01:48.477N 87:00.990W Friday not dry day
We are moving again at last!! Whoop whoop!!
In fact I don’t think we have stopped moving since yesterday’s blog update which is quite something. By mid-morning this morning Jamie announced we had already exceeded our combined daily runs from the last 2 days. Our 5pm to 5pm daily run today now stands at a whooping 76nm!! That’s much more like it!
Last night we had an exhausting night. We are settling into a routine of eating just two meals a day; and taking the second early evening before it gets too dark. Last night as we finished dinner we noticed another large black cloud approaching; very much like the one that had brought our midday squall. We were sailing in much brisker conditions than we had enjoyed for days so we managed to stay ahead of it for quite some time. We cleared the dinner pots away and cleared the cockpit of cushions and anything that we didn’t want to get wet. Because there was a lot of lightening we unplugged our chartplotter and put all our electronics in the oven and isolated our electrics incase we took a hit. Despite a good wedge of moon the last few nights it was pitch black as the moon was completely hidden by cloud. We raced along in the dark aware of the squall cell closing in for hours before it finally reached us. It was about 2am when it finally caught us up and the rain battered down bringing a sudden increase of wind. We struggled to reef down the mainsail and by the time we had two reefs in the wind had already dropped back down again. We wrestled with sails in the torrential rain for over an hour. Once the squall passed the skies finally cleared and we could enjoy the starry night sky properly for the first time that night. I went to bed at 4am as Jamie kindly insisted I had the first sleep and he would wake me as soon as it was light to swap watches. I woke around 8 and popped my head up into the cockpit to find him snoozing away with his alarm set to 30 minute intervals. We have both taken long naps today as and when we have felt sleepy!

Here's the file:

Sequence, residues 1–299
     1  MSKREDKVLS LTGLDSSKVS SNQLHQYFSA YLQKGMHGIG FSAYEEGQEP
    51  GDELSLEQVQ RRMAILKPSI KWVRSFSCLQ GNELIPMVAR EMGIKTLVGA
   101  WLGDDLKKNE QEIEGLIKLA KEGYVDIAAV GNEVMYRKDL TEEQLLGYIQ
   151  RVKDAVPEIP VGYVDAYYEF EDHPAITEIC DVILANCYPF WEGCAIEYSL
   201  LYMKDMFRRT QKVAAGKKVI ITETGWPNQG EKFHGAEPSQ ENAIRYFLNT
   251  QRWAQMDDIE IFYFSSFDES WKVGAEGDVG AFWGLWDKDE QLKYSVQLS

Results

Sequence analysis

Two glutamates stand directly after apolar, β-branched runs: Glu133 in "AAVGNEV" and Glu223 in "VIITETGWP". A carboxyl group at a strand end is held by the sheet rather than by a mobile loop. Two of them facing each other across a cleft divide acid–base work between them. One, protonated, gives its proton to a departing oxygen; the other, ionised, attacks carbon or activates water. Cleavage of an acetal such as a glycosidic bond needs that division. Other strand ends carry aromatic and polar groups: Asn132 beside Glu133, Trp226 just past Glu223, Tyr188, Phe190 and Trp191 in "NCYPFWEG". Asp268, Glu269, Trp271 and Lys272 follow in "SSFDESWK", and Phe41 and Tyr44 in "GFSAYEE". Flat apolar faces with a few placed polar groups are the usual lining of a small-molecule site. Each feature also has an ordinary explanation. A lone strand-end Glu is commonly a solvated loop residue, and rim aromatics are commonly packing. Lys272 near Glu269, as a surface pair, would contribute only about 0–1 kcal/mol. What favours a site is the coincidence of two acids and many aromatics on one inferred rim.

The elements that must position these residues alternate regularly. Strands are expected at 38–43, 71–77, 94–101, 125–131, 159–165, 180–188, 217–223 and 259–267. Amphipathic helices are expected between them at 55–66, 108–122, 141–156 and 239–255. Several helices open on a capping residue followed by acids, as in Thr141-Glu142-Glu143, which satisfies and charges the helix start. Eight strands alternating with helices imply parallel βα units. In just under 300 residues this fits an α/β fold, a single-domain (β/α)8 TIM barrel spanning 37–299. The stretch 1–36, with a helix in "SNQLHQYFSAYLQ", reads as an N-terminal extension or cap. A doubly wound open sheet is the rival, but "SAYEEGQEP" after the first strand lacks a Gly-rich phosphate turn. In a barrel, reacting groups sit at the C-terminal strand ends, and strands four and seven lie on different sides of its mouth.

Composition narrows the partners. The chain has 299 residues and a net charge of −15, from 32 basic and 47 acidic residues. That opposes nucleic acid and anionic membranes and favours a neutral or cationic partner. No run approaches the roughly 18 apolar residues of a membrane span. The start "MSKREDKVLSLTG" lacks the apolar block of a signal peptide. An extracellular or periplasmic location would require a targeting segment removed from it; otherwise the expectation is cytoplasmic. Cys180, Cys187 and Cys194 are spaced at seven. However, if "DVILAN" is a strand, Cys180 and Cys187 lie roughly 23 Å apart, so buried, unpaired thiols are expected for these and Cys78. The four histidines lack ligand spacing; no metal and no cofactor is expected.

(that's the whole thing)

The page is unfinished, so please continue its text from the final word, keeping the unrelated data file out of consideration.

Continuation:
With each of these Pacific squalls we are learning a little more about the nature of the weather out here. The squalls are very different to those that we experienced in the Atlantic. Rain doesn’t always signify a sudden rise in wind. There is certainly a different pattern to them to what we have experienced previously. We are learning; every day is a school day as they say.
We expect to experience more of these squalls over the coming days but whilst there is wind keeping us moving we are happy. We are now down to just over 250nm from the Galapagos Islands where we will bear off west-south-west once over the equator to where the trade winds should be; ready to blow us to the Marquesas in French Polynesia! Still a very long way to go but that will be a significant point in our passage. I am very proud of us for being patient and keeping sailing. We have always resisted the temptation to turn our motor on in light winds and to keep nursing our sails and keep moving under our own steam wherever possible and that habit has stood us in good stead now that we have so many miles ahead of us that motoring for a day or two doesn’t achieve anything but to burn fuel.
We thought the degredation of our fresh stores had slowed a little but then this afternoon 3 more rotten eggs went overboard. Such is life.
This is going to be a short update today as the wind has just picked up and we have reefed ourselves down ready for another squall. Hopefully it passes soon and we can get on with enjoying our Friday night!
Hoping everyone reading this has had a good week and wishing you all good weekends whatever they have in store
Sending love from the Pacific Ocean x